The Thomas Gardner Elementary School was built in 1906 and named in memory of Colonel Thomas Gardner (1724-1773), a political figure and soldier who served in the American Revolution.
Prior to 1997, the Gardner Elementary School had very few resources to address students’ non-academic barriers to learning. Risk factors related to poverty (lack of health care, inadequate housing, abuse/neglect), limited English proficiency and interrupted schooling were having a negative impact on student achievement, behavior and overall well-being. At the time, there were no counselors, social workers or other mental health practitioners in elementary schools in Boston. Therefore, it was primarily the responsibility of classroom teachers to address all aspects of student needs.
Recognizing that no school could tackle these issues alone, principal Catalina Montes reached out to a local university for help. Having begun an effort to create an integrated service delivery system through community partnerships in a local middle and elementary school, Boston College responded to the plea, inviting the Gardner to participate in this innovative project.
As a direct result of this effort, the Dewitt-Wallace Reader’s Digest Fund financed a planning grant in 1997 to expand the initial school-university partnership to include shared responsibility with other local organizations. The Gardner school community participated in an extensive needs assessment, which identified a desperate need for after-school programming, health and mental health support for children, and adult education services for parents.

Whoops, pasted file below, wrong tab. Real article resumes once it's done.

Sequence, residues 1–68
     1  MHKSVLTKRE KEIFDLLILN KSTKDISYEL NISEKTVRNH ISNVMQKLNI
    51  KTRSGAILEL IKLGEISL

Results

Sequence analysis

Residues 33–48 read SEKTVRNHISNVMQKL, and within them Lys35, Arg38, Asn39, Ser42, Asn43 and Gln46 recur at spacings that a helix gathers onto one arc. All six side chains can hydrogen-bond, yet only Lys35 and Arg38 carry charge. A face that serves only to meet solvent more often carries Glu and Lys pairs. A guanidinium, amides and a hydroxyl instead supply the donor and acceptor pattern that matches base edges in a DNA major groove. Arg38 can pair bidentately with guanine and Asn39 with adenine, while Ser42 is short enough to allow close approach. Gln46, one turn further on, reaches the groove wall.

With the support of Boston College and a planning grant from Dewitt Wallace, the Gardner began to address the identified needs of the school community by pursuing partnerships with outside agencies capable of building programs and providing on-site services. And so the Thomas Gardner Extended Services School was born, including an official name change in 2002.
Upon Catalina Montes’ retirement, Erica Herman became principal of the Gardner in 2005. In June 2006, the school faculty voted to convert the Gardner to a pilot school, earning exemption from many district and union regulations, with autonomy over governance, budget, staffing, curriculum/assessment, and schedule. The Boston School Committee approved changing the school’s official name to Gardner Pilot Academy on December 19, 2007.
In November 2011, the School Committee approved Superintendent Carol R. Johnson’s recommendation to expand GPA to a K-8 school, beginning with the addition of Grade 6 in September 2012, and grades 7 and 8 in the subsequent years.
Today, Gardner Pilot Academy is a model full-service, community school. Services that are typically provided by external agencies in separate locations are now occurring under a single roof. Through active partnerships with Boston College, Harvard University, Boston University, Children’s Hospital, the YMCA, Brighton-Allston Mental Health, the Joseph Smith Health Clinic, and other partners, GPA provides a comprehensive system of health, mental health, recreation and supplemental educational services so that every student may overcome barriers to learning and reach his or her full potential.